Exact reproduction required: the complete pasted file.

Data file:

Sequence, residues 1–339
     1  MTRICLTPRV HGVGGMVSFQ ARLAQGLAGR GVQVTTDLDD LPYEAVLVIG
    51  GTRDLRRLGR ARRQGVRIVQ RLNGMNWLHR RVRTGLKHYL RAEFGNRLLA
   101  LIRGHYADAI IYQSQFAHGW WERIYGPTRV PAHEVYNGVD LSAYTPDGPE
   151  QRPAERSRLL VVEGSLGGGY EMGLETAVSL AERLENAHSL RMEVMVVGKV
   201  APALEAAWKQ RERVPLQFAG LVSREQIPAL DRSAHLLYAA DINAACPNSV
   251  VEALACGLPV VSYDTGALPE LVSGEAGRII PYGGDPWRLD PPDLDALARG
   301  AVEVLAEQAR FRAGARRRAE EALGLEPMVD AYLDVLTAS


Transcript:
Sequence, residues 1–339
     1  MTRICLTPRV HGVGGMVSFQ ARLAQGLAGR GVQVTTDLDD LPYEAVLVIG
    51  GTRDLRRLGR ARRQGVRIVQ RLNGMNWLHR RVRTGLKHYL RAEFGNRLLA
   101  LIRGHYADAI IYQSQFAHGW WERIYGPTRV PAHEVYNGVD LSAYTPDGPE
   151  QRPAERSRLL VVEGSLGGGY EMGLETAVSL AERLENAHSL RMEVMVVGKV
   201  APALEAAWKQ RERVPLQFAG LVSREQIPAL DRSAHLLYAA DINAACPNSV
   251  VEALACGLPV VSYDTGALPE LVSGEAGRII PYGGDPWRLD PPDLDALARG
   301  AVEVLAEQAR FRAGARRRAE EALGLEPMVD AYLDVLTAS